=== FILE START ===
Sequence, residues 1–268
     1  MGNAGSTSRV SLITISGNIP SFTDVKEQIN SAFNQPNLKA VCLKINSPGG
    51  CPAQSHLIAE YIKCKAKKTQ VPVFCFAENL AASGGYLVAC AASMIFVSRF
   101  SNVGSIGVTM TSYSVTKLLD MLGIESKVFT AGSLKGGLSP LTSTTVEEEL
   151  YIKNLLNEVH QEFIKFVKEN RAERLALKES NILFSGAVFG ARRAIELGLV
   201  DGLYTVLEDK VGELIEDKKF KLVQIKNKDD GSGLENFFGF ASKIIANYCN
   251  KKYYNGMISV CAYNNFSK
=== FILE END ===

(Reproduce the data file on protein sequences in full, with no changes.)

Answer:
Sequence, residues 1–268
     1  MGNAGSTSRV SLITISGNIP SFTDVKEQIN SAFNQPNLKA VCLKINSPGG
    51  CPAQSHLIAE YIKCKAKKTQ VPVFCFAENL AASGGYLVAC AASMIFVSRF
   101  SNVGSIGVTM TSYSVTKLLD MLGIESKVFT AGSLKGGLSP LTSTTVEEEL
   151  YIKNLLNEVH QEFIKFVKEN RAERLALKES NILFSGAVFG ARRAIELGLV
   201  DGLYTVLEDK VGELIEDKKF KLVQIKNKDD GSGLENFFGF ASKIIANYCN
   251  KKYYNGMISV CAYNNFSK